Liberty should reach every individual of a peoples Retament. An spreads among particular branches, there had berier be uone at all, since such a liberty only aggravates the misfortune of those who are deprived of it, by selling before them a disagreeable subject of comparison.

This liberty is best preserved, where the legislative

bahe Roman. Farinence to a ka branches, the

had doubtlese the Roman con Presented the ki bines the people the Roman team and natur

[ocr errors]

1 sot the force of

[ocr errors]

power is lodged in several persons, especially if those persons are of different ranks and interests ; for where they are of the same rank, and consequently have an interest to manage peculiar to that rank, it Aliffers but little from a despotical government in a single person. But the greatest security a people can have for their liberty, is when the legislative power is in the hands of persons so happily distinguished, that by providing for the particular interests of their seve. ral ranks, they are providing for the whole body of the people; or in other words, when there is no part of the people that has not a common interest with at least one part of the legislators.

If there be but one body of legislators, it is no bet. ter than a tyranny ; if there are only two, there will want a casting voice, and one of them must at length be swallowed up by disputes and contentions that will necessarily arise between them. Four would have the same inconvenience as two, and a greater number would cause too much confusion. I could never read a passage in Polybius, and another in Cicero, to this purpose, without a secret pleasure in applying it to the British constitution, which it suits much better than the Roman. Both these great authors give the pre-eminence to a mixed government consisting of three branches, the regal, the noble, and the popular.

hey had donbtless in their thoughts the constitution of the Roman commonwealth, in which the consul represented the king, the sepate the nobles, and the tribunes the people. This division of the three pow. ers in the Roman constitution was by no means so distinct and natural, as it is in the English form of government. Among several objections that might be made to it, I think the chief are those that affect the consular power, which had only the ornaments with out the force of the regal authority. Their number had not a casting voice in it; for which reason, if one did not chance to be employed abroad, while the olher sat at home, the public business was sometimes at a stand, while the consuls pulled two different ways in it. Besides, I do not find that the consuls bad ever a negative voice in the passing of a law, or de cree of senate, so that indeed they were rather the chief body of the nobility, or the first ministers of state, than a distinct branch of the sovereignty, in which none can be looked upon as a part, who are not a part of the legislature. Had the consuls been invested with the regal authority to as great a degree as our monarchs, there would never have been any occasions for a dictatorship, which had in it the power of all the three orders, and ended in the subversion of the whole constitution.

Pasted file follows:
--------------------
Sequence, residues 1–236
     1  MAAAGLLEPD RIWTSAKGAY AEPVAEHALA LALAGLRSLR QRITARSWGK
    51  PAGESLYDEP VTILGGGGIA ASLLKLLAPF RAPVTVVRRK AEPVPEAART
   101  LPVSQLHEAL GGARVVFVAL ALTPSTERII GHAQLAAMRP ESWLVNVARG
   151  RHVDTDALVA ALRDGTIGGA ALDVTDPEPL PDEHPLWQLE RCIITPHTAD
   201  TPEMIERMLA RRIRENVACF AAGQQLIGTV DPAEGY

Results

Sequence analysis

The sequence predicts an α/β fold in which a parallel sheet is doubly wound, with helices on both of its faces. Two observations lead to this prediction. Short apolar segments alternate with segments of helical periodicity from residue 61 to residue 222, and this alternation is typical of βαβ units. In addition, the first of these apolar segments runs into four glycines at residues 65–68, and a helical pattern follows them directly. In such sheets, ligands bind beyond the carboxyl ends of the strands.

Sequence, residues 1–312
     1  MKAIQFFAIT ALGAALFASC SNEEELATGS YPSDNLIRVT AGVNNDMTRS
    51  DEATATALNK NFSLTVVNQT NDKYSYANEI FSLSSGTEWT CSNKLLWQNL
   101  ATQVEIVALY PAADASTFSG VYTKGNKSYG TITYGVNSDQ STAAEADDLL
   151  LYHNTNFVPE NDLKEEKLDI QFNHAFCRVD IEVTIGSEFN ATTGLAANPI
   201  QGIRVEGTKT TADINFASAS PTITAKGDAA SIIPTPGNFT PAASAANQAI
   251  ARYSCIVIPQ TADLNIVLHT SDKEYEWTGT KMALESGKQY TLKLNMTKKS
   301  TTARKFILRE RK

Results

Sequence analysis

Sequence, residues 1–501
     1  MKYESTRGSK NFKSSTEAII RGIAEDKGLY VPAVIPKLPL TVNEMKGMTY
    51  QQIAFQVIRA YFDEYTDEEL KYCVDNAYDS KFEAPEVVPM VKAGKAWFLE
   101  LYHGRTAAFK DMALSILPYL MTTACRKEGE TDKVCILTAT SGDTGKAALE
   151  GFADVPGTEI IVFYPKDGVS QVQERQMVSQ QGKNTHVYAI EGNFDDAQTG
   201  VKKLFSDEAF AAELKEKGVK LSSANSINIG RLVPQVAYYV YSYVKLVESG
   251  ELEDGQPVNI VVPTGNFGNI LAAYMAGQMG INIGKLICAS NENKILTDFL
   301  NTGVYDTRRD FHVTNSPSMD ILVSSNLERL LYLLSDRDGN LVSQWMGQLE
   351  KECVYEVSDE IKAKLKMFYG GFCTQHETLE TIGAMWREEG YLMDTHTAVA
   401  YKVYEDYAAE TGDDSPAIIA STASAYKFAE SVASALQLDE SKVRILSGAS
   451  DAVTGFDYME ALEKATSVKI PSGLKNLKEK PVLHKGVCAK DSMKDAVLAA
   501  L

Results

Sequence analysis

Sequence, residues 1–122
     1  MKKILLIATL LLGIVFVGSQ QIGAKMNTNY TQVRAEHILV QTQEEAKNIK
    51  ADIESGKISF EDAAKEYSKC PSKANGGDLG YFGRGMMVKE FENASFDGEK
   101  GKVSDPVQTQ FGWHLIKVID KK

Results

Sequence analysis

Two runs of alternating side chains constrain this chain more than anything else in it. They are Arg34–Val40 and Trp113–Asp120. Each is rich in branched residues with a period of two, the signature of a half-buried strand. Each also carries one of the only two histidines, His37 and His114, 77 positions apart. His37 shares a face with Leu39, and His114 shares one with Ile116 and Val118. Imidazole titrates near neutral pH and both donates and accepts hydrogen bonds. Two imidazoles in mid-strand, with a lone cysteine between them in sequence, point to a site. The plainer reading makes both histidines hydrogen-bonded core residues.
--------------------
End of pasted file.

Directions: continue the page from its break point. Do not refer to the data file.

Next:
Such an history as that of Saetonius, which gives as a succession of absolute princes, is to me an upapa swerable argument against despotic power.

Where the prince is a man of wisdom and virtue, it is indeed happy for his people that he is absolute; but since in the common run of mankind, for one that is wise and good you find ten of a contrary character, it is very its public happiness or misery depend on the virtues or dangerous for a nation to stand to its chance, or to have vices of a single person. Look into the history I have mentioned, or into any series of absolute princes, bow many tyrants must you read through, before you come to an enperor that is supportable.

But this is not all; an honest private man often grows cruel and abandon-ghts all it b ed, when converted into an absolute prince. Give a man power of doing what he pleases with impanity, you extinguish his fear, and consequently overturn in him one of the great pillars of morality. This too we find confirmed by matter of fact. How many hopeful heirs apparent to great empires, when in the possession of them, have become such monsters of last and cru elty as are a reproach to human nature? earth like that in Heaven, which, say they, is altop

Some tell us we ought to make our governments on ther monarchical and unlimited. Was man like bis Creator in goodness and justice, I should be for fol

sting this great
care pot essent
pat myself into h
la his particolar

It is odd to c
wou government
took person me
Hoe nine parts
that of slavery,
on and brutal
el a state of
mals in the ot
tercare it is no
I are many tra
whers are w
Labes and pl
bere these
to will immed
41 man must ha
se ng apon bis

ve specula
* tastruse corn
i bare about bi

The first thin
mself with ne

bands, wel

[ocr errors]
[ocr errors]

ether, till a nderstanding

be great cheris

« AnteriorContinuar »